Leveraging his experiences as the Chief Information Officer at VillageCare, Stuart Myer discusses successfully attaining executive board buy-in for long-term technology investments.
Issues Technology Partnerships Solve for Safety Net Health Plans
Safety Net health plans face a unique set of challenges in comparison with other payers. These include an acute focus on community health and social determinants of health, an increased demand for complex care and more fragmented workflows.
Safety net health plans have been addressing these challenges while also seeking regulatory compliance, adapting their business models to align with patient demand for improved consumer experiences, and dealing with workforce shortages and the rising cost of labor.
One of the most effective ways to manage costs while comprehensively tackling these issues is through technology investment. By working with IT vendors offering interoperability and the sharing of real-time data among stakeholders, health plans can maintain ownership of their data while:
- Gathering reliable and accurate community health and social determinants of health data
- Fostering business transparency with all stakeholders including patients
- Developing and sharing complex care plans with all stakeholders and manage claims
- Creating digital experiences for patients to interact with and understand their healthcare
In the long run, such technology partnerships are some of the most impactful investments for health plans that intersects both cost and quality of care.
Barriers to Technology Implementation
Executives are highly concerned with cost savings. In fact, according to a 2022 survey of executive health plan leadership, the most pressing issue this year is managing costs.
Thus, it’s no wonder that despite the considerable benefits, upfront technology investment stands as a potential impediment to implementation.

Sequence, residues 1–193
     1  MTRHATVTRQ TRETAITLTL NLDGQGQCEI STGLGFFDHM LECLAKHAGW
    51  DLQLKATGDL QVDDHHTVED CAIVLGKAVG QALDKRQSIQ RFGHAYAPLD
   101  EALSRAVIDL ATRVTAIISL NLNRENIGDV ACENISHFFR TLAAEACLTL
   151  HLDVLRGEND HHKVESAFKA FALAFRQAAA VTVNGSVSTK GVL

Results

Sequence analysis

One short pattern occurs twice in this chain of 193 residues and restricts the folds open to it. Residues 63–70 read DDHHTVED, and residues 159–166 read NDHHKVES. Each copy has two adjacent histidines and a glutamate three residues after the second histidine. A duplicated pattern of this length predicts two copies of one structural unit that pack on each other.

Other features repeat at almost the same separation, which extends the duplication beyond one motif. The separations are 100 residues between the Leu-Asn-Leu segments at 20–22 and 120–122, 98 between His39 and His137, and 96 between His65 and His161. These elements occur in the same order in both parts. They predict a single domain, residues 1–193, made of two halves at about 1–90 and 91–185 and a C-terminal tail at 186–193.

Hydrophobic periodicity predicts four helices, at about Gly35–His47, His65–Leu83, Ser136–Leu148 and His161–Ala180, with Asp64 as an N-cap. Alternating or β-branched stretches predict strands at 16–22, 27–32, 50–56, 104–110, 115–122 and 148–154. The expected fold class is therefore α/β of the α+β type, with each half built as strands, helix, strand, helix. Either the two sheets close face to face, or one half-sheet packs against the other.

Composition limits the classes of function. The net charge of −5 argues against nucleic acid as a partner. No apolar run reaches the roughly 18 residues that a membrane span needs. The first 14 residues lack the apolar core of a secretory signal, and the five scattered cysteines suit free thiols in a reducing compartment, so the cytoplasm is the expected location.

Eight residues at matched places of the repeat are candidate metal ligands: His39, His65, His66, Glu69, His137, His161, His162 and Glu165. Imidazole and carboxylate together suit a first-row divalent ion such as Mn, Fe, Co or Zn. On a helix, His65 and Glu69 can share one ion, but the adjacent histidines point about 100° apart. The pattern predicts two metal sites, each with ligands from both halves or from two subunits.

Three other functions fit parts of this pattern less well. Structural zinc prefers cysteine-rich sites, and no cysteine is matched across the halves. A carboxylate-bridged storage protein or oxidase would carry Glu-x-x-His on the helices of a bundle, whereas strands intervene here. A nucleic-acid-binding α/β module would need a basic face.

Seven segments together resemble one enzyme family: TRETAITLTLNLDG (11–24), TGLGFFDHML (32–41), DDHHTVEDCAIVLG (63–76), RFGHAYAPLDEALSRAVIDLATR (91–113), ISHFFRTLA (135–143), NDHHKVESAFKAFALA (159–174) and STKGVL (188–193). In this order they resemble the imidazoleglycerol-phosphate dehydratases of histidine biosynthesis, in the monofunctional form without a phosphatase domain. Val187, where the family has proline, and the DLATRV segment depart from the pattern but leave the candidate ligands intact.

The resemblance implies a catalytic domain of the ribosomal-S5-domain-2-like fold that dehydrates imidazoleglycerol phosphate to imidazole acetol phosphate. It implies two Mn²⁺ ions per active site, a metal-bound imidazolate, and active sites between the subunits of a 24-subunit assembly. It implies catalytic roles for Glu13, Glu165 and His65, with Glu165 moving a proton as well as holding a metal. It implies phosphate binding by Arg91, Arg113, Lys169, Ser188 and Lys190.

Considering this, how can professionals approach their executive boards as well as internal teams to get buy-in on this important investment?
Tips For Successfully Obtaining Buy-In For New Technology Partnerships
Gain Leadership & Board Buy-In
Executive leaders championing new technology investment is a key driver toward organizational engagement and widespread buy-in.
The arguments for technology partnerships should be so compelling that the partnerships are not just approved for IT to carry out, but that the executive board co-leads the initiatives with IT and other departments.
The c-suite is concerned with every aspect of business and therefore has a finite bandwidth for championing initiatives. How do you make a technology partnership stand out?
Your technology investment cannot be presented as an IT project only. It must drive business strategy and align with blue chip items for the year. For instance, health plans may have long term goals related to risk mitigation and regulatory compliance. By explaining in as much detail as possible how this technology investment will deliver ROI on those goals, you’re more likely to get buy-in. If you’re having difficulty quantifying ROI, vendors often will work with health plans to develop reliable forecasts.
Myer suggests establishing a strong link between technology investment and organizational priorities. This ensures the project gets the attention and resources necessary. Health plan leaders can review their K10 or other strategic documents. Use short and long-term goals to create KPIs for deployment.
Continued support by the executive board is needed. There should be annual updates on progress to the c-suite. This investment should also be included as a component in the annual budget.
Identify Opportunities to Introduce Technology Partners